December 15, 2010 § 3 Comments
I’m not good at reading magazines. Every time I open one, a neurotic voice inside urges me to read every single word on every single page. For years, I felt guilty pitching a magazine into the recycling bin if I hadn’t read everything in it, even the articles I found boring. Which meant that magazines would pile up around the house, and I’d feel even guiltier.
So in a bid for self-preservation, I don’t subscribe to many magazines. But one I’ve subscribed to for as long as I can remember is Saveur. I love that I can be transported to 20 different states and nations reading one issue, and that every time I pick it up, I learn something new about a cuisine and a culture. It’s one magazine I thoroughly enjoy reading cover to cover, and for years, I’ve read through it soon after it landed in my mailbox.
Except lately. Somehow, I’ve gotten really behind in my Saveur reading. To lessen the guilt, I’ve been piling up the magazines in the closet — outta sight, outta mind. But then they became truly “outta mind,” until I realized that I had nearly a year’s worth of magazines squirreled away amidst the linens.
Just recently, I read the May issue…and with great interest, as it had a feature by Lillian Chou, who reconnected with her roots one stir-fried dish at a time in Beijing. I love Chinese food and learning to cook it well is another thing on my food-focused bucket list. Although my mother is ethnically Chinese, she and her family have hailed from Indonesia for generations, so growing up, she cooked gado gado (more on that dish here from Pepy of Indonesia-Eats) and nasi goreng (fried rice), not Chinese stir fries.
“A good wok is the foundation of good cooking: stir-frying is said to activate food with the wok’s energy.”–Lillian Chou, “A Stir-Fry Education,” Saveur
Reading about the women Lillian visited, cooking in simple kitchens often outfitted only with a blackened, seasoned wok; a wood-fired or gas stove; and a cutting board with a sharp cleaver, I was mesmerized. Taking in the descriptions of these women’s uncompromising focus on fresh, seasonal ingredients, impeccable knife skills yielding perfectly uniform, 1/8-inch thick strips of meats and veggies that will cook evenly and quickly, and elegantly efficient moves in their kitchens, and then seeing the step-by-step recipes for four simple stir-fries, I knew I had to try them myself.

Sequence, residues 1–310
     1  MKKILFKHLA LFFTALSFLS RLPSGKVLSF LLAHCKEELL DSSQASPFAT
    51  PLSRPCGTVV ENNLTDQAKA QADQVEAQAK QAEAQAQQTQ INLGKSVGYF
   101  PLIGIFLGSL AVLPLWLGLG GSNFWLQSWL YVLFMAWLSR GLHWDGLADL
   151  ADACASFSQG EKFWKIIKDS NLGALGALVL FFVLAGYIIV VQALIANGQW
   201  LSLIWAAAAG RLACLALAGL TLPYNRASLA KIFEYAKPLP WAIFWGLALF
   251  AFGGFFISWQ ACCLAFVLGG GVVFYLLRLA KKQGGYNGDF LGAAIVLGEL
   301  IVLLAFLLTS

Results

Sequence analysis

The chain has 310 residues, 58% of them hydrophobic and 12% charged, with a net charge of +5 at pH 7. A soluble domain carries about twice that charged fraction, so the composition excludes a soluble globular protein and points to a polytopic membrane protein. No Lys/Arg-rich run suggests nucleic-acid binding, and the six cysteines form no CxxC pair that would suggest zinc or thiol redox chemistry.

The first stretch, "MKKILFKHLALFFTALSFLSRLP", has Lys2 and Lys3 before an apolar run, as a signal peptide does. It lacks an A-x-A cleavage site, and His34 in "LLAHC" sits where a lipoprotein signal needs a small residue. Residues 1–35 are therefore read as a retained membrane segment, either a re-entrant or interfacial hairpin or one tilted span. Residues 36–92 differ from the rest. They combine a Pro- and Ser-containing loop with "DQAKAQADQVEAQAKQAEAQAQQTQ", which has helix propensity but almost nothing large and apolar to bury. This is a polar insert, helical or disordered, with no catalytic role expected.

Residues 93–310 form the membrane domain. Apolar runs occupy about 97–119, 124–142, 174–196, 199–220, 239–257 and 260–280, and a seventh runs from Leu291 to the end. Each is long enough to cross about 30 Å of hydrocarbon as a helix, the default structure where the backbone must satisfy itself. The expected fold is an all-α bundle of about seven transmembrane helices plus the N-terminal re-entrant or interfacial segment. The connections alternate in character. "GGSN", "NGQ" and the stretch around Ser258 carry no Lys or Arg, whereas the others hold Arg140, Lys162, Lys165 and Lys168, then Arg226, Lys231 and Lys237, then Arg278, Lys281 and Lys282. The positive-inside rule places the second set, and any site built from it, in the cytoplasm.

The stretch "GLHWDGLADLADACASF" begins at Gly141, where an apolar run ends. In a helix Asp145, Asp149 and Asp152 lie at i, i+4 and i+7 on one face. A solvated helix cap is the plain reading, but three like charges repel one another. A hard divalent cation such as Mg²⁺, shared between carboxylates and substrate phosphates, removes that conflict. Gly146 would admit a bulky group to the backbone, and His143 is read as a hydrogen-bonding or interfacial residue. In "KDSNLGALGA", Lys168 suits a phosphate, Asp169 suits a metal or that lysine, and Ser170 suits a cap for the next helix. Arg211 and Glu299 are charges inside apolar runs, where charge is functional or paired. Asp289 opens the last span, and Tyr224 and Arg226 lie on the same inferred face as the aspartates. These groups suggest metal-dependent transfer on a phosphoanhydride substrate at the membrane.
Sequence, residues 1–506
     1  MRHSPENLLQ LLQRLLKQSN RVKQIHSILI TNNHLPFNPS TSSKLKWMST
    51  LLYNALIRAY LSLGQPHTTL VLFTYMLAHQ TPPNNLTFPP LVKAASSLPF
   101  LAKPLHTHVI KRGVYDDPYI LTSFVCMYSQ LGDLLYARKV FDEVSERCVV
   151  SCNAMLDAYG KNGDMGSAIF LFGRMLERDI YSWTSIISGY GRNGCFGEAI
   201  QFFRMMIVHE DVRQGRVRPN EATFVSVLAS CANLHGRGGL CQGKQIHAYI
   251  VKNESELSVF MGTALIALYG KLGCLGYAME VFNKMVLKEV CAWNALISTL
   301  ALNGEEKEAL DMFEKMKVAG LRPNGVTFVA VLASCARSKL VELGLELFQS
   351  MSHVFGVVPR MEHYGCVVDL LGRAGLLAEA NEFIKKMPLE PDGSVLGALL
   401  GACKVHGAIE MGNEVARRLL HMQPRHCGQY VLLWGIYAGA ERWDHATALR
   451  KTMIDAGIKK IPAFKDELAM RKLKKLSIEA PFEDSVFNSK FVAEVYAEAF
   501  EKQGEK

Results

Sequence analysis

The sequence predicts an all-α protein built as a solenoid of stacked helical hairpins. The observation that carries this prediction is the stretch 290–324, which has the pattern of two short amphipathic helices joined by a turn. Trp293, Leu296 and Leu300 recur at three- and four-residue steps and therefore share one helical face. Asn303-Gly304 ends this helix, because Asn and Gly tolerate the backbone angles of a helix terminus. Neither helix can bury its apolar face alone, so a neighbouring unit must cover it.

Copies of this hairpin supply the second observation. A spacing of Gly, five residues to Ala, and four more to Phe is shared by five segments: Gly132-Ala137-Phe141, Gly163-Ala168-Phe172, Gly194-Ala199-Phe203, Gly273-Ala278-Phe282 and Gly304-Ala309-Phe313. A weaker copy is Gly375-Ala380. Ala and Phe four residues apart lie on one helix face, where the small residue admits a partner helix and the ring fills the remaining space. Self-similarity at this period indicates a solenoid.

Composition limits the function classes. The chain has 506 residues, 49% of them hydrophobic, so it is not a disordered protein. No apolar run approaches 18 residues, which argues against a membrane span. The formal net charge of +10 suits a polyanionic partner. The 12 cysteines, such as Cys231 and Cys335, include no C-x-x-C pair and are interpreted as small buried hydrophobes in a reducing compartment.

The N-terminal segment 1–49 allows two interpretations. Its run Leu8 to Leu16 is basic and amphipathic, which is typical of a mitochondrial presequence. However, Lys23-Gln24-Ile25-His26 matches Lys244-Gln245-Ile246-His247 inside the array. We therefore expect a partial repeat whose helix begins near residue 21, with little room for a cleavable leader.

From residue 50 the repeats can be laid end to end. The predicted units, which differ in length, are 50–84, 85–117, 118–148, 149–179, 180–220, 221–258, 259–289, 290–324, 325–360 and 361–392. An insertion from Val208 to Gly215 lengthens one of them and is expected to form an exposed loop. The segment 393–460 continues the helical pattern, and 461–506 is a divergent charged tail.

I’ve tried three of the four, and the stir-fried tomato and eggs dish has become a staple in our home. When I made it earlier this week, I was thrilled that I got to use one of the jars of tomatoes I put up when they were at their flavor peak in September (see more about my 30-pounds-of-tomatoes extravaganza here), and that I could snip shallot greens from our new garden to garnish the stir-fry instead of having to buy green onions or chives.
Below are links to the recipes and my notes on them. For the original Saveur article, click here.
STIR-FRIED TOMATO AND EGGS – Recipe here
My Notes on the Recipe
1 — Trust the recipe when it tells you to heat the wok until it’s smoking. You need the heat to prevent the food, especially eggs and meat, from sticking to the wok.
2 — Because I used canned tomatoes that had been peeled, you can see from the photo above that my dish turned out soupier than the one on Saveur’s website. It’s still delicious. Since it’s nearly winter, I’m guessing you’ll use canned tomatoes too — I think it’s better to use tomatoes canned at their flavor peak than mushy, tasteless ones flown in from South America.
STIR-FRIED MUSHROOMS AND BOK CHOY – Recipe here
My Notes on the Recipe
1 — One of my favorite dishes at Charles Phan’s Out The Door is this one — even though it’s a Vietnamese, not a Chinese, restaurant, I always envied the technique with which the veggies were cooked. Every time, the bok choy would be crisp-tender, the mushrooms pleasantly chewy, and the entire thing melded together with fresh flavors. After trying this recipe, I’m pleased that I can now make this at home!
2 — I used fresh rather than dried shiitake mushrooms. I accidentally stir-fried them 3-4 minutes versus 2, but it was a lucky mistake: they browned deeply and became nearly crisp (think: skinny mushroom fries). Yum.
3 — It’s surprising how so few flavorings can yield such a tasty dish. I think the key is buying very fresh mushrooms and bok choy.
STIR-FRIED PORK WITH LEEKS – Recipe here
My Notes on the Recipe